Monday, February 29, 2016

Barabas, Me, & You, Are All Scapegoats

Like our sin that goes away never to be brought up again by God, so too is Barabbas to history. Neither the Christian nor the Jewish writings ever mention Barabbas again. Like our sins, he is never to be heard from again. I guess, like the scapegoat which was released into the desert or wilderness to never be seen again, so to is Barabbas and our sins to God.

The word scapegoat means something entirely opposite from what it meant at the writing of our King James Bible. The word is used most often, I would suppose, in sports media today. It is used when a particular player or coach is being blamed for a team's poor performance in a game or season. The person receiving the brunt of the blame game is called the scapegoat. The rest of the team is free from blame and the scapegoat is blamed as the reason for a lack of success.

And Aaron shall cast lots on the two he-goats; one lot for Jehovah and the other lot for a complete removal. And Aaron shall bring the goat on which Jehovah's lot fell, and offer it for a sin offering. But the goat on which the lot fell to be the complete removal shall be presented alive before Jehovah, to make an atonement with him, to let him go for a complete removal into the wilderness. Leviticus 16:8-19

Therefore when they were gathered together, Pilate said to them, Whom do you desire that I release to you? Barabbas, or Jesus who is called Christ?
Matthew 27:17 

The governor answered and said to them, Which of the two do you desire that I release to you? They said, Barabbas. Matthew 27:21

Then he released Barabbas to them. And when he had scourged Jesus, he delivered Him to be crucified.
Matthew 27:26

From the moment Adam and Eve rejected God for the world, God had a plan for how man could be reconciled with Him. 

In Matthew 5:17 Jesus says he did not come to destroy the Law or the prophets but rather he came to fulfill them. God was preparing his people in the Old Testament for the coming of Jesus and as such the sacrificial system was getting his people into the mindset that the blood is what makes atonement for sin.

Now we consider Barabbas' name we find something most fascinating. His name literally meant son of the father. Bar means son for example, Simon Bar-Jonah meant Simon, son of Jonah; Abbas or abba means father. So too we are sons (generically speaking) of our Father in heaven (Rom. 8:15). Thus, we see that the example of Barabbas teaches us, among other things, the high price paid for us to be sons and daughters of our Father – sons and daughters set free from deserved death – by the price of the blood of our elder brother, Jesus the Messiah.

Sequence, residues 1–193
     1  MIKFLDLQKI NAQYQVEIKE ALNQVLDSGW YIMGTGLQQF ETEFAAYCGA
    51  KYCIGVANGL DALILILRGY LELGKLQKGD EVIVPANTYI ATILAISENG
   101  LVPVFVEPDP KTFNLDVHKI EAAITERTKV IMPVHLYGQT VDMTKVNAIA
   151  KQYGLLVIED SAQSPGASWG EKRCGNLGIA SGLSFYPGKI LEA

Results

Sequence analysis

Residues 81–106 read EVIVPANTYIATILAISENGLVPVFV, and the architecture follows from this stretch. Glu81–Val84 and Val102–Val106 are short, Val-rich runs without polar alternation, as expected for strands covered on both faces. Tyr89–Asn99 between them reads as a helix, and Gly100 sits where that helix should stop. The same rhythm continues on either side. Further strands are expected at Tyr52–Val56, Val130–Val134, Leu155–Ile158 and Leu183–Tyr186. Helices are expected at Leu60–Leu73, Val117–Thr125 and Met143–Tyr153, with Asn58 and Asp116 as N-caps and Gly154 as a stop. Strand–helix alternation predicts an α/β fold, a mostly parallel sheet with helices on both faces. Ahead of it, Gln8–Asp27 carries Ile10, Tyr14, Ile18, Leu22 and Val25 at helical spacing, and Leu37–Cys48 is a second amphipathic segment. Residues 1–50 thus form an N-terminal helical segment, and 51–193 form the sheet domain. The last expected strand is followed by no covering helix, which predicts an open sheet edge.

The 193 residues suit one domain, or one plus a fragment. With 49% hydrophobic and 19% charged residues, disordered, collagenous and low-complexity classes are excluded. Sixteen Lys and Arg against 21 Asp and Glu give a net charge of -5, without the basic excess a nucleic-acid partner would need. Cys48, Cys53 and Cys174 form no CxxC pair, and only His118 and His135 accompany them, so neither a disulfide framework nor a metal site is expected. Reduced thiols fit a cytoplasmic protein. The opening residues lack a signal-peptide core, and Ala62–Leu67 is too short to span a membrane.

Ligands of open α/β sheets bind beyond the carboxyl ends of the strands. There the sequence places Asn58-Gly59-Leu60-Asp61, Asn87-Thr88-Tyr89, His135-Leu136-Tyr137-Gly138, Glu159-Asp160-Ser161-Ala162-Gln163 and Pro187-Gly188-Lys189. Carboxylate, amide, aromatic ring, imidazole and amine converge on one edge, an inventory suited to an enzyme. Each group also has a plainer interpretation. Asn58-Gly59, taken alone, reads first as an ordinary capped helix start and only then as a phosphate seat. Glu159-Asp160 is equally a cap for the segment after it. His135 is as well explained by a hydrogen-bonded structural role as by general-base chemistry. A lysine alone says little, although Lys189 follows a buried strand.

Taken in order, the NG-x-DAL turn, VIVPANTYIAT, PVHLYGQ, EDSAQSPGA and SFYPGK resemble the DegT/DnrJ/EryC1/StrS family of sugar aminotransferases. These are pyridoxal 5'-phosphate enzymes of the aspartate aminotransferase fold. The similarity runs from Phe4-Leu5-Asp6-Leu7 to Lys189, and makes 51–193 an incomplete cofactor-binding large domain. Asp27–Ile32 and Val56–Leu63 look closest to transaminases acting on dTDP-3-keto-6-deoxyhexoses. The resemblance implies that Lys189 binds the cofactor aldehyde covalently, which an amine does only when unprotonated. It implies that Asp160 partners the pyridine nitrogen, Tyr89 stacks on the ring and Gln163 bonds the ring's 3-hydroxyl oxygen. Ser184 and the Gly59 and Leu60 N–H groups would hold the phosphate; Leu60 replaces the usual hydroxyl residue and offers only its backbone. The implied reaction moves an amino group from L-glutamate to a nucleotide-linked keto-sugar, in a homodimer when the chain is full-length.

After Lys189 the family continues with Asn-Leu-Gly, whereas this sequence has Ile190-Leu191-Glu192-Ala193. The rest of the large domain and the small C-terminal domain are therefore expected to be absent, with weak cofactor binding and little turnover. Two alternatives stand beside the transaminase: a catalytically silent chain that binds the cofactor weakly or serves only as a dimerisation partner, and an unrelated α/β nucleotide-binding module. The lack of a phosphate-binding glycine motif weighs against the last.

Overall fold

Yom Kippur is the Jewish feast otherwise known as the Day of Atonement. It is observed on the 10th day of the 7th month (Lev 23:27). It is atonement for Israel. Just like all the other six feasts it is prophetic and fulfilled in the Lord Jesus Christ! This is the most important date on the Hebrew calendar. The celebration is observed by using two goats.

A careful examination of Leviticus 16:8-10 gives us a inspired understanding of the scapegoat offering. On this day one goat is for the Lord, the other is for the scapegoat. One goat is put to death, the other shall go free. One goat represents substitution, the other the carrying away of sins.

No doubt the Old Testament Jew knew the symbolic meaning of the Day of Atonement. They were looking to be spared another year. A sigh of relief surely expelled out of them as they saw the scapegoat set free. The Lord’s goat had been slain and the blood applied to atone the nation.

Now, let us fast forward about 1400 years to Pilate’s Court. Jesus of Nazareth has been wrongfully accused by his own countrymen of blasphemy. The religious leaders of Israel bring him before the Roman governor Pontius Pilate that he may be punished for his accused crime.

Pilate’s examination of Jesus Christ finds that he has done nothing wrong, so he decides to release him. The mob has no part of it. They make threats if Jesus is not condemned. Pilate’s plan changes as he sees the envy within the mob. He gives them a choice of which prisoner they would have go free at Passover: Jesus of Nazareth or Jesus Barabbas. Barabbas, a infamous bandit in Jerusalem, go free? Now that is blasphemy! This is the choice for the chief priests. Barabbas is mentioned in all four gospels:

* Refers to him a as a notable prisoner. He is highly distinguished and well-known throughout the region. He is their Bonnie and Clyde, Billy the Kid, Charles Manson. Barabbas is hated and feared by all.

*Refers to Barabbas as a murder, the leader of a revolt against Pilate. Barabbas had lead a riot in resistance to Jewish religious law and Roman jurisdiction, in which men were killed.

*Refers to Jesus Barabbas as a murder.

*Refers to him as a robber.

In the end, the Chief Priests made their choice: Jesus Barabbas is the scapegoat, and Jesus of Nazareth is the Lord’s goat. Barabbas goes free and Jesus Christ goes to Calvary. Hallelujah, the real Day of Atonement has come to Israel!

What about me? Where does my life fit into this story? I am the scapegoat. I am Jesus Barabbas. Jesus Christ died as my substitution on Calvary. The Lord’s goat is slain, while the scapegoat goes free. The Word of God tells us “who the son has set free is free indeed.” Next time you think about God and eternal life remember: the scapegoat, Barabbas, and me.

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